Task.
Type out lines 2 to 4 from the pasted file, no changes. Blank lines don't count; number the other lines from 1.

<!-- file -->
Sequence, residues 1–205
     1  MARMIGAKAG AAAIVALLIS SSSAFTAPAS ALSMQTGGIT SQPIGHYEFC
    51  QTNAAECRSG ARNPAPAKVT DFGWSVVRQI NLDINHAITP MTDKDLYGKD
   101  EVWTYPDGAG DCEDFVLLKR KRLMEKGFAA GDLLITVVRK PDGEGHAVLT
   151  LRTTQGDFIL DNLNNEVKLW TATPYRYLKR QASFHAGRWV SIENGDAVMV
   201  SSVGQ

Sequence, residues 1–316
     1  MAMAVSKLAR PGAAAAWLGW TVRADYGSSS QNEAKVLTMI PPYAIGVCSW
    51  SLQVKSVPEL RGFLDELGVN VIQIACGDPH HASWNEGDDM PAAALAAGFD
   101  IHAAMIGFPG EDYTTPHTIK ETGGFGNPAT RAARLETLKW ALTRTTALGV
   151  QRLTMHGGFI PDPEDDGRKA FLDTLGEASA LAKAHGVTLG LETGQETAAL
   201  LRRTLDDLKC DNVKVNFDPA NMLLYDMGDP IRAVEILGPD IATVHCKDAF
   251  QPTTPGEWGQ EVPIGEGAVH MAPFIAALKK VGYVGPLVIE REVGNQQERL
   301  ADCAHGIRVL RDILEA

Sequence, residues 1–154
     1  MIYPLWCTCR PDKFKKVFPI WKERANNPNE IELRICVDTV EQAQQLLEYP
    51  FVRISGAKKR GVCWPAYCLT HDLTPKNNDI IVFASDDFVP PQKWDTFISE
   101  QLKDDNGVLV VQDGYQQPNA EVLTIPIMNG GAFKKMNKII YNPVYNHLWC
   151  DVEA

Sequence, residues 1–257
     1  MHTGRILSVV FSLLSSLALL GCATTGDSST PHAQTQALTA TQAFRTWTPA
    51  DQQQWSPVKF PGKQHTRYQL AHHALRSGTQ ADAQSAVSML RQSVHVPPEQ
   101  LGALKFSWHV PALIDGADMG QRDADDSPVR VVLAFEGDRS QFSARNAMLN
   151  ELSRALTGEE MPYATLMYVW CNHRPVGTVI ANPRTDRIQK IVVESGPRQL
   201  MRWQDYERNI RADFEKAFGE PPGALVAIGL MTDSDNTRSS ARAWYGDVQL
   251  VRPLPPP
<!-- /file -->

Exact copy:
     1  MARMIGAKAG AAAIVALLIS SSSAFTAPAS ALSMQTGGIT SQPIGHYEFC
    51  QTNAAECRSG ARNPAPAKVT DFGWSVVRQI NLDINHAITP MTDKDLYGKD
   101  EVWTYPDGAG DCEDFVLLKR KRLMEKGFAA GDLLITVVRK PDGEGHAVLT